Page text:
"They'll find the killer some day, but no one will ever hold her in his arms again."
Monsieur Hire is the perfect suspect. Nobody likes him. Conversations die away when he passes by. Children play tricks on him. He sleeps very little. He never uses the lights. He sits in the dark in his room. And he likes to watch... So, naturally, when a young girl is found murdered, Hire finds himself put under the microscope, both by the strange detective who regularly humiliates him in the course of his investigation and the girl he spies upon who suddenly confronts him, with very unexpected results.
Patrice Leconte's film is one of those remarkable career turnarounds that defy expectations. Best known at the time for his unashamedly populist French comedies, Monsieur Hire is the equivalent of the director of Adam Sandler films suddenly having a stab at The Girl With the Pearl Earring and actually getting it right. His adaptation of a half-remembered Georges Simenon novel (literally: when he finally got the rights, no-one could find a copy of the novel to work from!) works both as a spellbinding piece of pure filmmaking and an intriguing drama about the difference between watching and comprehending. Hire may think he knows almost everything about his neighbor Alice because he has watched her so closely, but seeing and understanding are not always the same thing, as he himself reveals when he tells one of the whores he visits the story of a popular old lady who fed the pigeons breadcrumbs: because of her kindly face, people never realised that in fact she was poisoning them.
Above all, it's a very sensual film. Not in any erotic sense, although there is a charge when Hire finally allows himself to touch another human being. Rather this is a film about seeing and smelling, the senses through which we first form judgements but which still allow us to keep our distance - and not just M. Hire himself. It's no accident that the film ends with everyone silently watching him, and with the camera pulling away from a figure who finally understands what really happened too late in a truly haunting image.
Sandrine Bonnaire does remarkably well in what could simply have been a cipher as the object of his attentions, pulling off the difficult scenes where she gets closer to Hire while still managing to remain a credible figure, but it's no slight on her to say that this is Michel Blanc's show. Lurking at the edge of the frame or isolated in the center of the image, the balding, almost expressionless Blanc's performance is a masterclass in control. Not merely physical control, but resisting the desire to make Hire in any way likeable or more accessible. There is no appeal to sentiment, no crack in the façade to let us in and recognise anything admirable or empathetic, no explanation or excuse for the way he is. As a character he remains strange and ill suited for the world of men and women. Even the possibility of love does not free him from his shell. And it's that very inaccessibility that ultimately makes him such a tragic figure. Hire is as dead as the murder victim, who the detective pointedly notes will never be touched again: he just happens to still be walking around.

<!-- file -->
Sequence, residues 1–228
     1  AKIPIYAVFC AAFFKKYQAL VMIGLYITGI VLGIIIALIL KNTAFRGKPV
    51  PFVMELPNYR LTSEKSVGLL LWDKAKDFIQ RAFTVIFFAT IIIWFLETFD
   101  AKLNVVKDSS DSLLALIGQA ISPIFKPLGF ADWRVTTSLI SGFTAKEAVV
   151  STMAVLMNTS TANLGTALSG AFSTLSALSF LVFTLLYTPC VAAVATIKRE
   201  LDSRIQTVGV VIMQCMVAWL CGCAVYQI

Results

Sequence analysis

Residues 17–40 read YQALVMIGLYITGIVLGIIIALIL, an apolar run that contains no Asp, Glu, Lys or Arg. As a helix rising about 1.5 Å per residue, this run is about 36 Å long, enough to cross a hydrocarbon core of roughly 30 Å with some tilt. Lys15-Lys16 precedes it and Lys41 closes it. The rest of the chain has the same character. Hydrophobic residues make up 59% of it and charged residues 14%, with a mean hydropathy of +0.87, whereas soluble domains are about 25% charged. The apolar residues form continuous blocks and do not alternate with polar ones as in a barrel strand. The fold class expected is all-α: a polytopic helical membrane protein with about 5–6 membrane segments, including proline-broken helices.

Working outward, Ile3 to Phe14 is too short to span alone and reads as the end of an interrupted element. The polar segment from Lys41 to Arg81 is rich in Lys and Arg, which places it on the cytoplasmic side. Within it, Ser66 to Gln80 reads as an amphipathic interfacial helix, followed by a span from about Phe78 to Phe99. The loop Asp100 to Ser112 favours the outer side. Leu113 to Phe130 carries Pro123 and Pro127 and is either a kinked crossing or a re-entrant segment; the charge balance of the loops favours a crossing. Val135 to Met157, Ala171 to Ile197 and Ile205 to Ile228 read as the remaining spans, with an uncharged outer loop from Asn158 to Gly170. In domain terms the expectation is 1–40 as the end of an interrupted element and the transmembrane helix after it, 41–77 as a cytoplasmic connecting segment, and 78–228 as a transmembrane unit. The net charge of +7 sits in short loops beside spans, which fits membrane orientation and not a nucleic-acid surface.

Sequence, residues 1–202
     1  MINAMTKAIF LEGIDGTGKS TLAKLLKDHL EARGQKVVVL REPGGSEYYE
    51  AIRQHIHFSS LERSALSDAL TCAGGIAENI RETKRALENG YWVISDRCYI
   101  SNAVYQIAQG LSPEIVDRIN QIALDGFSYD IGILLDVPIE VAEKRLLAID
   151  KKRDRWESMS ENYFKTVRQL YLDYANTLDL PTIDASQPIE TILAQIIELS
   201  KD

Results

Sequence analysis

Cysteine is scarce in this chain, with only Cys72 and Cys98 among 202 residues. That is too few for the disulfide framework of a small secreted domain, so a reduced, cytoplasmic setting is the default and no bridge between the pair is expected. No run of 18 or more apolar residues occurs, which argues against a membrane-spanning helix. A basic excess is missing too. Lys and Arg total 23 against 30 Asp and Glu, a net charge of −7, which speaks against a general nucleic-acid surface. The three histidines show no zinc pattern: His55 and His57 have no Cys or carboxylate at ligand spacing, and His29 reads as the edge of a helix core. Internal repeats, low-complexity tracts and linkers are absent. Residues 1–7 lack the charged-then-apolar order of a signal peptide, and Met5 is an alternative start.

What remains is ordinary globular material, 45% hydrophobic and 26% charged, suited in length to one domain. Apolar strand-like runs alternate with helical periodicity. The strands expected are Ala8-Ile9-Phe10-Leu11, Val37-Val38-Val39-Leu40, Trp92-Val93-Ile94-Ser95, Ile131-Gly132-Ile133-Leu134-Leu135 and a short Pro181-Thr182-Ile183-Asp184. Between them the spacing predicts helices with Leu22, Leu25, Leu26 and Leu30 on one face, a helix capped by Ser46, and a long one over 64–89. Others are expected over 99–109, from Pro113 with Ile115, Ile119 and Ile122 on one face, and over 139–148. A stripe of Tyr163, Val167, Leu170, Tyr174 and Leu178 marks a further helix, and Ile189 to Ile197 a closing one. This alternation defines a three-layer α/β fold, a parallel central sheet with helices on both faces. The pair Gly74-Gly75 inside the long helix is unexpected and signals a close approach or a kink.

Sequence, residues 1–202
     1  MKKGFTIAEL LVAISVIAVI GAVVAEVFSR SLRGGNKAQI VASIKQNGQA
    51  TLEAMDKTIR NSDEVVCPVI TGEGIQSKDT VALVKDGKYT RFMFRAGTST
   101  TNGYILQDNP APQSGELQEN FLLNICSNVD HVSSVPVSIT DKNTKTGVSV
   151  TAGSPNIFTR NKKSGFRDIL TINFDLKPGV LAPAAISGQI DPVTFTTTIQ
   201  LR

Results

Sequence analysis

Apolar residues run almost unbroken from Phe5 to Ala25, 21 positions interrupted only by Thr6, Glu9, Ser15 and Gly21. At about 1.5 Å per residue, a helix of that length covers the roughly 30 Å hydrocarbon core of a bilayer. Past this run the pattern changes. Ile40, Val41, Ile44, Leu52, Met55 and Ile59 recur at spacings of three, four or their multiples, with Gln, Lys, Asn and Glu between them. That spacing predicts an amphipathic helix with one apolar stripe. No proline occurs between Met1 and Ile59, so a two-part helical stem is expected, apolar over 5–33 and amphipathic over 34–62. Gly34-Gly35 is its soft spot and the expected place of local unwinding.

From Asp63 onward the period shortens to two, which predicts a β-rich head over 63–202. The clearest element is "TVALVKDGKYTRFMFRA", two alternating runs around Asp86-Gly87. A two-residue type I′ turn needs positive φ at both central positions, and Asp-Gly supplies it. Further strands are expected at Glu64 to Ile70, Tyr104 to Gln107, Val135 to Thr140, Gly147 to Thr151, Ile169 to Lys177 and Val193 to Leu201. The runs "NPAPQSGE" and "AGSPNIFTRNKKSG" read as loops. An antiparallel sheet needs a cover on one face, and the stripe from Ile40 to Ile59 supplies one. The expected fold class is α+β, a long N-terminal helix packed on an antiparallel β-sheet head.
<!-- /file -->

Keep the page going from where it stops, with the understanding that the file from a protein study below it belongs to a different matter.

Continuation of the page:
On the surface, the film is equally controlled - Leconte and Patrick Dewolf's tight screenplay is spare and precise, but with enough room for director and actors to build on, while Ivan Maussion's unostentatious design and Denis Lenoir's restrained yet meticulous cinematography serve the characters perfectly. Even Michael Nyman's music rises above what was then his usual formulised mathematical masturbation to deliver something whose precisely formalized distance is absolutely right.
Leconte's great use of the Scope frame is well preserved in Second Sight's sadly extras-free UK DVD, although the color seems slightly richer than the theatrical print I saw a few years ago (although that could just have been color fading). Hopefully a more ambitious DVD release with some special features will find its way to region 1 sooner rather than later.